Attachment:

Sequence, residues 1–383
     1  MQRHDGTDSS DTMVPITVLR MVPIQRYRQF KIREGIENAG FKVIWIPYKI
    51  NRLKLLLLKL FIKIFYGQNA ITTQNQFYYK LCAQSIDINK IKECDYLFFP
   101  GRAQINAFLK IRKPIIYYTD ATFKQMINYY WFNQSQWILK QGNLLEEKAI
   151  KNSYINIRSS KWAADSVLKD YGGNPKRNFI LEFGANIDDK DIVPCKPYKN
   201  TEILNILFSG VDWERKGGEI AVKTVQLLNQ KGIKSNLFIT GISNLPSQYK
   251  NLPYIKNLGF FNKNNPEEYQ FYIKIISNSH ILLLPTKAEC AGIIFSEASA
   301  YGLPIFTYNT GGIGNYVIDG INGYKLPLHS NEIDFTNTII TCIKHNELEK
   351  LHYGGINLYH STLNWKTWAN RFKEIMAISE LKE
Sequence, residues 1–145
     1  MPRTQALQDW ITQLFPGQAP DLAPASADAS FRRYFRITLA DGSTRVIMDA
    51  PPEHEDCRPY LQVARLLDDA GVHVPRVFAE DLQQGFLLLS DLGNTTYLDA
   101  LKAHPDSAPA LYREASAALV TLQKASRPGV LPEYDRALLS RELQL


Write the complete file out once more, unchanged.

Sequence, residues 1–383
     1  MQRHDGTDSS DTMVPITVLR MVPIQRYRQF KIREGIENAG FKVIWIPYKI
    51  NRLKLLLLKL FIKIFYGQNA ITTQNQFYYK LCAQSIDINK IKECDYLFFP
   101  GRAQINAFLK IRKPIIYYTD ATFKQMINYY WFNQSQWILK QGNLLEEKAI
   151  KNSYINIRSS KWAADSVLKD YGGNPKRNFI LEFGANIDDK DIVPCKPYKN
   201  TEILNILFSG VDWERKGGEI AVKTVQLLNQ KGIKSNLFIT GISNLPSQYK
   251  NLPYIKNLGF FNKNNPEEYQ FYIKIISNSH ILLLPTKAEC AGIIFSEASA
   301  YGLPIFTYNT GGIGNYVIDG INGYKLPLHS NEIDFTNTII TCIKHNELEK
   351  LHYGGINLYH STLNWKTWAN RFKEIMAISE LKE
Sequence, residues 1–145
     1  MPRTQALQDW ITQLFPGQAP DLAPASADAS FRRYFRITLA DGSTRVIMDA
    51  PPEHEDCRPY LQVARLLDDA GVHVPRVFAE DLQQGFLLLS DLGNTTYLDA
   101  LKAHPDSAPA LYREASAALV TLQKASRPGV LPEYDRALLS RELQL